Updated: June 5, 2013 8:50PM
Ashake Banks sits on her bed, iPhone in hand, watching and listening to her daughter, Heaven Sutton, singing a kid’s pop song.
The 7-year-old had taken her mother’s phone and made the video of herself in the bathroom.
For a brief moment, Banks smiles. She sings along. She is proud of her little girl.
When the music stops, Heaven applauds herself, and thanks the “crowd.” Then she steps closer to the camera and says: “Do you love your mom? I love my mom with all my heart. She is in my heart.”
“And I love you too, baby,” Banks replies.
Heaven was fatally shot on June 27, 2012, while standing at her lemonade stand outside her home in the West Side Austin neighborhood.
Heaven’s gym shoes. Her pretty clothes. Her stuffed animals. Her pictures. The video.
This is all Banks has left.
Banks’ heart is shattered. She feels like “less than a mother.” She has contemplated suicide.
“I told Heaven I would protect her, I told her we was super heros or something. I failed her. I did,” Banks says.
“She told me to move, I had the money to move. She told me she was scared to die. How you know you scared to die when you ain’t lived yet?”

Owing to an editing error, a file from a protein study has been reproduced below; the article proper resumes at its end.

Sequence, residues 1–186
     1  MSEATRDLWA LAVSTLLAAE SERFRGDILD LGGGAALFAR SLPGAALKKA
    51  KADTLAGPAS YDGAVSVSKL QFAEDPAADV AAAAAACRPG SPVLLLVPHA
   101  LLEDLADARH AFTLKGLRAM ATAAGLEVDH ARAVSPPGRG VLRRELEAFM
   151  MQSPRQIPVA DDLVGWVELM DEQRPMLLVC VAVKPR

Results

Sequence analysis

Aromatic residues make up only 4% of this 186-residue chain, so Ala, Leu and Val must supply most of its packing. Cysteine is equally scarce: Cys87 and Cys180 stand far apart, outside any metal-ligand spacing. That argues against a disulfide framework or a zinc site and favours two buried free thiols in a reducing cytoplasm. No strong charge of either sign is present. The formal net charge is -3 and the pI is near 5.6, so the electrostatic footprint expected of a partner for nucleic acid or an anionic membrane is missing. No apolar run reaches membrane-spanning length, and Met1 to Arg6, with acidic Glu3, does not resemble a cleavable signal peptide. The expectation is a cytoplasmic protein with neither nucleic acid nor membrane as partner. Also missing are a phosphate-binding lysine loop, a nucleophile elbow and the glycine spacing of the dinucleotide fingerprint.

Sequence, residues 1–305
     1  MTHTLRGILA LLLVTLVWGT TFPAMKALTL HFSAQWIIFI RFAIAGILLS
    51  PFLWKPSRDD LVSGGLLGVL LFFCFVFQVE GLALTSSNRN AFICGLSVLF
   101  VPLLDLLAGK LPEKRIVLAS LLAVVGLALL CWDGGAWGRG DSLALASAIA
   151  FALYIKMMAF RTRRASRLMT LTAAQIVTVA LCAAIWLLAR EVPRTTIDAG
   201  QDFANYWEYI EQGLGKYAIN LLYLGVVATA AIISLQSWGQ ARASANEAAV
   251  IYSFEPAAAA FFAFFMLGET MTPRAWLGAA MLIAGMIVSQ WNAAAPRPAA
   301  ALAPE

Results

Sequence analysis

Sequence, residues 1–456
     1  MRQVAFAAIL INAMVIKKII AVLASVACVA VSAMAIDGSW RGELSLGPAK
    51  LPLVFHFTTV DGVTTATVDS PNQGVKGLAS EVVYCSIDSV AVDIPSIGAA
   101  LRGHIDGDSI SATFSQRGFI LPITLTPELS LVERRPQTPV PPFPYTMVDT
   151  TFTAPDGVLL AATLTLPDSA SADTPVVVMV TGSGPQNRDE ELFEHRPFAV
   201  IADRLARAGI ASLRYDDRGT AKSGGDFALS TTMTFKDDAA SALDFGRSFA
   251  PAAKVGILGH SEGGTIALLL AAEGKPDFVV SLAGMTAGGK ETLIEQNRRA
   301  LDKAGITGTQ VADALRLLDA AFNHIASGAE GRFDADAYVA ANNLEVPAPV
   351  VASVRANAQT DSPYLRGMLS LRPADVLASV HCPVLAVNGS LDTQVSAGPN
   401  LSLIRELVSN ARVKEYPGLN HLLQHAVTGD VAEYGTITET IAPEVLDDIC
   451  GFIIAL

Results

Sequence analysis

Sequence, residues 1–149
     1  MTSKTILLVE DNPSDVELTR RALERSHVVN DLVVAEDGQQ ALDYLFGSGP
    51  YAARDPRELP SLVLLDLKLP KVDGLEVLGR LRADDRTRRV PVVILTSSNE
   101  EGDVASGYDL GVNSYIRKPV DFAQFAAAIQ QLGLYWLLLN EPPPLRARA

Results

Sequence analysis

These days, little consoles her. A drink, sometimes, especially before she tries to sleep.
Reaching out to other mothers suffering the loss of a child seems to help.
“I go by to see the other mothers because I really just want to hug them and let them feel the energy,” Banks says.
At a recent vigil for Julius Campbell, the 14-year-old found stabbed to death in Marquette Park, Banks wrapped her arms around his mother, Christine Campbell, and held her trembling body as they walked to the edge of the lagoon.
“I tell her, ‘Cry. It’s OK, cry. We ain’t never going to see them no more,’ ” she says.
Heaven’s murder tore Banks apart. She didn’t have enough time with her baby.
“I did not name Heaven Heaven for someone to shoot and kill her at the age of 7,” she says while looking down at a blanket with her daughter’s angelic face staring back.
“I am living hell on earth,” she says. “This is hell.”